‘Through the looking glass’: Why self-reflection is important in pandemic life.
In unprecedented times, it is crucial to reflect on one’s own being. Recently, I read Virginia Woolf’s autobiographical essay ‘Sketch of the Past’ and it has allowed me to consider our own consciousness outside of the realms of the chaotic, and often monotonous life. Woolf argues that our lives are filled with ‘moments of being’ and ‘moments of non-being’. A day of ‘being’ would be characterised by an event, as such riding our bikes or going on holiday - something we are likely to remember. However, days of ‘non-being’ are those moments we often forget. The days where we curl up on the sofa, feeling melancholic or unwell - those days have little meaning to them. My point is, since the beginning of the pandemic our lives have been filled with far more ‘moments of non-being’ as opposed to ‘moments of being’; we haven’t been able to travel, see our friends or even create substantial memories. This time, more now than ever, we must reflect on ourselves, seek resolution and embrace everything life throws at us.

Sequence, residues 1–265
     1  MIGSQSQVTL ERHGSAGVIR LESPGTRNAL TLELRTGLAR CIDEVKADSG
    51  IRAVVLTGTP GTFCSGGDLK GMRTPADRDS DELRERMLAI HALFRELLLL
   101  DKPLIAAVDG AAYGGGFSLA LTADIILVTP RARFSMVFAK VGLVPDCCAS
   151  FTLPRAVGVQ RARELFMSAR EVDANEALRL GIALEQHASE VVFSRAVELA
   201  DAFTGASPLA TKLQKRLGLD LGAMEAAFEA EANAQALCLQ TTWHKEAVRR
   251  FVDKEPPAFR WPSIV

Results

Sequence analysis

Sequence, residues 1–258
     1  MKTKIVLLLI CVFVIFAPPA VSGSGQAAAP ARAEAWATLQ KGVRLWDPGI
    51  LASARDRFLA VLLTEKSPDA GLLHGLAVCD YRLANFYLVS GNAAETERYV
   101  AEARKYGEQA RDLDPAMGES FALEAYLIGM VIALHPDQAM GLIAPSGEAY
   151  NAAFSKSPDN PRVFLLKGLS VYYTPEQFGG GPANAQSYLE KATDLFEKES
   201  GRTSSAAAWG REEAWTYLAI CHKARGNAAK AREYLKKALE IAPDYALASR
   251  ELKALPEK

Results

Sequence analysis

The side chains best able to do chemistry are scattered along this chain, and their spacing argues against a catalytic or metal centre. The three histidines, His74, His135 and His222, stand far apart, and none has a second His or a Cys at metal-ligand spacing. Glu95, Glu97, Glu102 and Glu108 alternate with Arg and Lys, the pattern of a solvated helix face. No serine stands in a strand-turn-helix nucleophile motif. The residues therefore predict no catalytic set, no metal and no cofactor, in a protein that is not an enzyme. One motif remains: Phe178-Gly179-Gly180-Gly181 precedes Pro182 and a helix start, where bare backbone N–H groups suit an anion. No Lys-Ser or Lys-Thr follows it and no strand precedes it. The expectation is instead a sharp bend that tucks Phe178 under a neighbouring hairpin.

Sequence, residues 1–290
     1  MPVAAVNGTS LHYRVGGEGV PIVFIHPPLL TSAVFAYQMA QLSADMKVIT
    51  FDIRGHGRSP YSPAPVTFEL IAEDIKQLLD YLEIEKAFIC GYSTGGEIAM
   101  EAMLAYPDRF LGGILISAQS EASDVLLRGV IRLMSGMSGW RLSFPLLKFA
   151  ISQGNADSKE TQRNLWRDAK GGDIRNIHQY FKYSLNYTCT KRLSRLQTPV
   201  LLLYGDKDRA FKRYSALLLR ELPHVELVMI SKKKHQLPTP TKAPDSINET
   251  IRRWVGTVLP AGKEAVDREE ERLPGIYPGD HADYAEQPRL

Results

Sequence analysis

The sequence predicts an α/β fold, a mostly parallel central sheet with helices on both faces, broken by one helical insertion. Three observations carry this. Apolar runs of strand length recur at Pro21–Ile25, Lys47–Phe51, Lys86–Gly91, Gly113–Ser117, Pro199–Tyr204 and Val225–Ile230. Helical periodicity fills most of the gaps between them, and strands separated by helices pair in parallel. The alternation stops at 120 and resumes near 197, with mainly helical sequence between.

After all the chaos the pandemic has caused, I think we should all allocate a few moments our of our day to reflect; whether you write that diary entry, or whether you take a stroll. Whatever it may be, we must question our own consciousness. Overshadowed by the pandemic, we often forget how far we have transformed as an individual. I wanted to share a few words of advice on how to reflect on yourself. First and foremost, you have worked incredibly hard to get where you are now. Those extra hours at work, or those late nights studying will get you the results you deserve. Hard work always pays off, stop doubting yourself. Secondly, although we are living in this anxious time, it is crucial that we relax, listen to our bodies and mind. Take that bath, watch that film, eat that chocolate.
Whatever your comfort may be, we must embrace these ‘moments of non-being’, for these moments can change our whole outlook of the world.